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As we wave goodbye to 2015, it’s time for a look back at some of the events and stories from the first half of the curling season, and the Scottish teams’ part in them.

For all the talk of new broom technology ruining the sport, there was still a great deal that was familiar: brilliant events, Canadian Grand Slam dominance and Team Edin winning the biggest prizes…

Edin and Sidorova conquer Europeans
Esbjerg, Denmark, was the setting for the 2015 European Curling Championships and did a great job – competitors praised the ice, the volunteers and the fact that the A and B arenas were on the same site.

Scotland’s representatives were Team Smith for the men’s section and Team Muirhead in the women’s.

Smith had seen off Teams Brewster, MacDonald and Murdoch to qualify for Esbjerg, but their relative inexperience (this was a first men’s Europeans for the 2013 World Juniors champions) seemed to tell early on.

They slid to a W1 L4 record with defeats against Norway, Sweden, Switzerland and the Netherlands – their A-Division status seemed to be at stake and playoff hopes a distant dream.

But suddenly it clicked into place. Finland were beaten 7-3 and from there Smith reeled off the wins against Italy, Russia and Germany – they had their confidence back, and were making the big shots.

They had secured Scotland’s spot at the 2016 World Men’s Championship, but faced a tiebreaker against Sweden to make the semi-finals.

They were edged out 8-7 by Edin’s Swedish rink – a disappointment after their run of wins, but undoubtedly a fine European debut for Smith.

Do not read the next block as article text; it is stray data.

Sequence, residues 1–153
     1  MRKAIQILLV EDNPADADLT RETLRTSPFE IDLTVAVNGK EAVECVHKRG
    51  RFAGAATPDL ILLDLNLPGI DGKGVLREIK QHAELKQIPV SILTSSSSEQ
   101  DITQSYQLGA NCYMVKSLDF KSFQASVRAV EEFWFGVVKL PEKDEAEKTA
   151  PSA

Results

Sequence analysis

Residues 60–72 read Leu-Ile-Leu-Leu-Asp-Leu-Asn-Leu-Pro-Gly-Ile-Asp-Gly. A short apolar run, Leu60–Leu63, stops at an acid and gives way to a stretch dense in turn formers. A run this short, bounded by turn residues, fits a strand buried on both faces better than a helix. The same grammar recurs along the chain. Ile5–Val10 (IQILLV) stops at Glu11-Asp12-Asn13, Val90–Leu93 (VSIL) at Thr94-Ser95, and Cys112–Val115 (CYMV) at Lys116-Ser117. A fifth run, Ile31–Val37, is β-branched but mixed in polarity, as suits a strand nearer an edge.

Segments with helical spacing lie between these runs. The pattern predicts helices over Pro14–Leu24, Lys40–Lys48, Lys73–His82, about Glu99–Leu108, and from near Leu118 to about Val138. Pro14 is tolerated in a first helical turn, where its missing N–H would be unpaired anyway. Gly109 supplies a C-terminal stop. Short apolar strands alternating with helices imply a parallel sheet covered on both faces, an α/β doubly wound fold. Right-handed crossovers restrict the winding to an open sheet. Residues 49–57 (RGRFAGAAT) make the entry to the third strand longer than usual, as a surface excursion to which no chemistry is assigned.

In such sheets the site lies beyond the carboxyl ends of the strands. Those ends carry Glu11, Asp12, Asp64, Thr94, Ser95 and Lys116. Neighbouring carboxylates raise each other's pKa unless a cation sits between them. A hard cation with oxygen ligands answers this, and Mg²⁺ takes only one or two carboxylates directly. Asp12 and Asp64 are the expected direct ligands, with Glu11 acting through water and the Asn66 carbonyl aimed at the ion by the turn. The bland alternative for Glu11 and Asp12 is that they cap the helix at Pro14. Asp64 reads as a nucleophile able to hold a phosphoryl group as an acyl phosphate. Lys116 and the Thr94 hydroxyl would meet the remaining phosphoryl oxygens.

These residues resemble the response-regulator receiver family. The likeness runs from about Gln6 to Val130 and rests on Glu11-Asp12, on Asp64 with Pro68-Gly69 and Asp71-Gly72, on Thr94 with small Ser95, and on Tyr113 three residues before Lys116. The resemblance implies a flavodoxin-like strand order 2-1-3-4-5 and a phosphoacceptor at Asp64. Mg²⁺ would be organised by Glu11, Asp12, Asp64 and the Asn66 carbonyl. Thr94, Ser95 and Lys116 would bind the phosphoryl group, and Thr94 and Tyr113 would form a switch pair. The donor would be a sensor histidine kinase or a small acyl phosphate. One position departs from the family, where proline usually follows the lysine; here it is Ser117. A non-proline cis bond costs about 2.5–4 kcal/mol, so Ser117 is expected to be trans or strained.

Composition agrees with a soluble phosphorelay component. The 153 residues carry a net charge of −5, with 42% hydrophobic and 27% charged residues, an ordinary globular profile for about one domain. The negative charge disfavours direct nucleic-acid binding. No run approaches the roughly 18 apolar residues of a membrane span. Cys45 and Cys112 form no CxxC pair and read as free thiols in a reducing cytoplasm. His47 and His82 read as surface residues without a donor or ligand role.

There was less drama for Team Muirhead in making the women’s playoffs, as they racked up seven wins from nine.

The drama was saved for their semi-final with Finland, as the Finns led 5-0 after three ends and the game looked to be slipping away from the Scots.

But the nightmarish start was followed by seven ends of professional and increasingly dominant curling from Muirhead’s rink, dragging themselves back to 6-6 after seven ends and stealing two in end eight for a lead they never relinquished.

It was not to be the perfect ending for Muirhead, as Team Sidorova of Russia won the final 6-4 – but the silver medals represented a step up from last year (where they won bronze), both on the podium and in terms of quality, delighting coach David Hay with their consistent level of performance.

Gold for Sidorova was a fitting reward for a team who operated with an air of composure and control throughout the week – while in the men’s competition it was Sweden who took top spot.

Having narrowly beaten Scotland in the tiebreaker, Team Edin got up to their 2014-15 tricks again, really turning it on when it mattered to beat Norway in the semi-finals and Switzerland in the final.

Homan hammer Grand Slam rivals
While the four Grand Slam of Curling men’s titles played for so far have gone to four different winners – Team Koe claimed the Tour Challenge, Team McEwen the Masters, Team Gushue the National and Team Epping the Canadian Open (angle raises ahoy) – there’s been one team ruling the women’s events.

Team Homan may have lost the Tour Challenge final to Team Tirinzoni of Switzerland, but since then they’ve been winning. A lot.

The Masters, National and Canadian Open all fell before them, three of their titles in a season that has seen them take more than $160,000 in tournament winnings… with plenty more to come in 2016, no doubt.

As for the Scots… well, Tirinzoni’s Tour Challenge win is the only Grand Slam title not to go to a Canadian rink at this point in the season, so it’s been an uphill battle.

Teams Brewster and Smith reached the semi-finals of the Tour Challenge tier 2, but the Olympians of Team Murdoch struggled – at least up until the Canadian Open, where they went out at the quarter-final stage after earlier notching wins over Teams Jacobs, Laycock and Bottcher.

In the women’s Grand Slams, Muirhead made the quarter-finals of the Tour Challenge (beaten by Homan) and semi-finals of the Canadian Open, Team Jones denying the defending champions a spot in the final.

With those results – as well as being runner-up at both Europeans and the Stockholm Ladies Cup, plus semi-finalists at the Women’s Masters Basel – it’s been a consistent enough season so far. Indeed their skip believes they’re in a better place than they were at this point in 2014.

One more thing from the Grand Slams: Gushue’s fall at the Masters.